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Draper v. Healey

United States District Court, D. Massachusetts

March 5, 2015

ROBERT DRAPER, ARIEL WEISBERG, DONNA MAJOR, ERIC NOTKIN, ROBERT BOUDRIE, BRENT CARLTON, CONCORD ARMORY, LLC, PRECISION POINT FIREARMS, LLC, COMMONWEALTH SECOND AMENDMENT, INC. and SECOND AMENDMENT FOUNDATION, INC., Plaintiffs,
v.
MAURA T. HEALEY, Defendant

Page 78

For Robert Draper, Ariel Weisberg, Donna Major, Eric Notkin, Robert Boudrie, Brent Carlton, Concord Armory, LLC, Precision Point Firearms, LLC, Commonwealth Second Amendment, Inc., Second Amendment Foundation, Inc., Plaintiffs: Alexander A. Flig, LEAD ATTORNEY, Law Office of Alexander A. Flig, Canton, MA.

For Maura T. Healey, Defendant: Glenn S. Kaplan, LEAD ATTORNEY, Massachsuetts Office of the Attorney General, Boston, MA; Eric M. Gold, Lydia E. French, Office of the Attorney General Martha Coakley, Boston, MA.

For Brady Center to Prevent Gun Violence, Amicus: John E. Roberts, LEAD ATTORNEY, PRO HAC VICE, Proskauer Rose LLP, Boston, MA; L. Scott Harshbarger, LEAD ATTORNEY, Laura E. Stafford, Proskauer Rose, LLP, Boston, MA.

Page 79

MEMORANDUM & ORDER

Nathaniel M. Gorton, United States District Judge.

Plaintiffs bring this action challenging the enforceability of 940 C.M.R. § 16.05(3) (" the regulation" ), a state regulation promulgated by defendant Attorney General of the Commonwealth of Massachusetts (" the AG" ) that requires load indicators or magazine disconnects on handguns sold by handgun dealers.[1]

There are three categories of plaintiffs: 1) individuals: Robert Draper, Ariel Weisberg, Donna Major, Eric Notkin, Robert Boudrie and Brent Carlton (collectively " consumer plaintiffs" ), 2) business entities: Concord Armory, LLC and Precision Point Firearms, LLC (collectively " dealer plaintiffs" ) and 3) non-profit organizations: Commonwealth Second Amendment, Inc. and Second Amendment Foundation, Inc. (collectively " organization plaintiffs" ).

I. Background

A. Challenged regulation

In 1997, the Attorney General of Massachusetts promulgated 940 CMR 16.00 et seq, a series of regulations relating to the sale of handguns within the Commonwealth. Plaintiffs bring constitutional challenges to subsection (3) of 940 C.M.R. § 16.05: Sale of Handguns Without Childproofing or Safety Devices which states that

[i]t shall be an unfair or deceptive practice for a handgun-purveyor to transfer or offer to transfer to any customer located within the Commonwealth any handgun which does not contain a load indicator or magazine safety disconnect.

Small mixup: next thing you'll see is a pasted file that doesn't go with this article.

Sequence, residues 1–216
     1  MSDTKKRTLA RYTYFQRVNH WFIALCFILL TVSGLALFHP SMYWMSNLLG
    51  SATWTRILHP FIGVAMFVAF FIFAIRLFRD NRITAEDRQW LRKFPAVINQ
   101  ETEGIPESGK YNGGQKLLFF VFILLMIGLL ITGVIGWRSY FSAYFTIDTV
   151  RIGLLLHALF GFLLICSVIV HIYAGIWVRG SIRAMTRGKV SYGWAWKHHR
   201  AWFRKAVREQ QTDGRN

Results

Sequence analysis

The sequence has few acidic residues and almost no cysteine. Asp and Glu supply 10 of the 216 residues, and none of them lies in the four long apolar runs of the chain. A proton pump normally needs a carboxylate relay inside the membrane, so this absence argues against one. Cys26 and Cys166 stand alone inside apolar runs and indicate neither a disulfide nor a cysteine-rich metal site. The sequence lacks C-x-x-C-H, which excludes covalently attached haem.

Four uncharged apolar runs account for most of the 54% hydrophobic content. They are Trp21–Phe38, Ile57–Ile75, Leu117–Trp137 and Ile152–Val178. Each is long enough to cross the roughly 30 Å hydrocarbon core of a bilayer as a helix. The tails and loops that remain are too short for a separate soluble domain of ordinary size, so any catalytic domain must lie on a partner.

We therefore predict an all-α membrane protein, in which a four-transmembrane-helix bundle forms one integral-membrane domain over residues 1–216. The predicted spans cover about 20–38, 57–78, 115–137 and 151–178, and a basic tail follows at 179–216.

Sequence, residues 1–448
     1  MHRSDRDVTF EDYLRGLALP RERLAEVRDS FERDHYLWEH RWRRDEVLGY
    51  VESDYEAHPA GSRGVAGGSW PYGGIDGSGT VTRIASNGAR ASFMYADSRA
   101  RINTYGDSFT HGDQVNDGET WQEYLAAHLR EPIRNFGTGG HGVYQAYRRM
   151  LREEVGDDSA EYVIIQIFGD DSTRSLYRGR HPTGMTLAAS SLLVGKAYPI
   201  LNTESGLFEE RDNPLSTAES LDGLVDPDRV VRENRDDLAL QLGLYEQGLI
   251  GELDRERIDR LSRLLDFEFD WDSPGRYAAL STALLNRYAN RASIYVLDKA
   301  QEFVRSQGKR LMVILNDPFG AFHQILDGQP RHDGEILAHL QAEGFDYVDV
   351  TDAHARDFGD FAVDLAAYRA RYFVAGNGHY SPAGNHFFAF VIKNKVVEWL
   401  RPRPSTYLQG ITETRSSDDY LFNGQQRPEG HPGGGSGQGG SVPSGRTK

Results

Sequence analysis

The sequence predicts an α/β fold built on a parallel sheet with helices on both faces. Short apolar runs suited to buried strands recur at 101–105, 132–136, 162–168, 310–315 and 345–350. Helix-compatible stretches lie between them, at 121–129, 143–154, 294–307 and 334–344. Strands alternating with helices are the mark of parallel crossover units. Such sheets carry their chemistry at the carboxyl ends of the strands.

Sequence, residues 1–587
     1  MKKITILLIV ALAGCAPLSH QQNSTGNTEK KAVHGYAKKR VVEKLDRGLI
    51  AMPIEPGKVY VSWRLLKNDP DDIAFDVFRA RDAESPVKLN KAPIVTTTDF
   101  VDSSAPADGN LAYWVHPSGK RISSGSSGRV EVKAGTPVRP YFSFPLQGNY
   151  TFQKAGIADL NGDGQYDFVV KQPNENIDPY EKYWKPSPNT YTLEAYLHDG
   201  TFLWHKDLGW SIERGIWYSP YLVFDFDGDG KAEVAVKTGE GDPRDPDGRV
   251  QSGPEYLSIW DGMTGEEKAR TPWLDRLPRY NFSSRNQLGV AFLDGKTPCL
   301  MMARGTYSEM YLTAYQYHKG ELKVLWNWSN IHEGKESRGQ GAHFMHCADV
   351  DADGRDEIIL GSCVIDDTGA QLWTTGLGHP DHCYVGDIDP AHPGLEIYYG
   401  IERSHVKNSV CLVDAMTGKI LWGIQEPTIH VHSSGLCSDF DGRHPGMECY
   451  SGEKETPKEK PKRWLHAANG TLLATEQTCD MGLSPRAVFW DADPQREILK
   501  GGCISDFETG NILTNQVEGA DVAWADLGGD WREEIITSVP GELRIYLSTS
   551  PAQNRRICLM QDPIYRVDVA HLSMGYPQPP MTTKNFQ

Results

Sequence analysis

940 CMR 16.05(3). The complaint specifically challenges the portion of the regulation that offers a load indicator as one alternative way to meet the safety standard. A load indicator is defined within the regulation as

a device which plainly indicates that a cartridge is in the firing chamber within the handgun.

940 CMR 16.01.

B. Procedural history

Between December, 2013 and May, 2014, various dealer and consumer plaintiffs

Page 80

sent letters to the AG inquiring whether the Generations 3 and 4 Glock pistols (" Gen3/4 Glock pistols" ) violate the regulation. In April and May, 2014, the Deputy Chief of the Attorney General's Consumer Protection Division responded to those letters explaining that the handguns presently manufactured by Glock are noncompliant " because they lack an effective load indicator or magazine safety disconnect."

In June, 2014, plaintiffs filed a complaint seeking declaratory judgments that the regulation 940 CMR 16.05(3) 1) violates the rights to due process under the Fourteenth Amendment of the dealer and organization plaintiffs because it is void for vagueness and void as applied and 2) violates the Second Amendment rights of the consumer plaintiffs. Defendant, in response, moved to dismiss the case and extensive briefing ensued. The Brady Center to Prevent Gun Violence also submitted an amicus brief in support of the defendant.

Oral argument on defendant's motion to dismiss was held in February, 2015. For the reasons that follow, defendant's motion will be allowed.

II. Standing

Defendant contends that the case should be dismissed because all plaintiffs lack standing.

A. Legal standard

Standing is a prerequisite for Article III jurisdiction and must be determined before addressing the merits of the case. See Sutliffe v. Epping Sch. Dist., 584 F.3d 314, 325 (1st Cir. 2009). In order to establish standing, a plaintiff must show 1) an injury in fact, 2) a causal connection between the injury and the conduct complained of and 3) a likelihood that the injury will be redressed by a favorable decision. Lujan v. Defenders of Wildlife, 504 U.S. 555, 560-61, 112 S.Ct. 2130, 119 L.Ed.2d 351 (1992). An injury in fact is one that is " concrete and particularized [and] actual or imminent, not conjectural or hypothetical" . Id. at 560 (internal citations and quotations omitted).

B. Application

1. Organization plaintiffs

An organization may bring suit on behalf of ...


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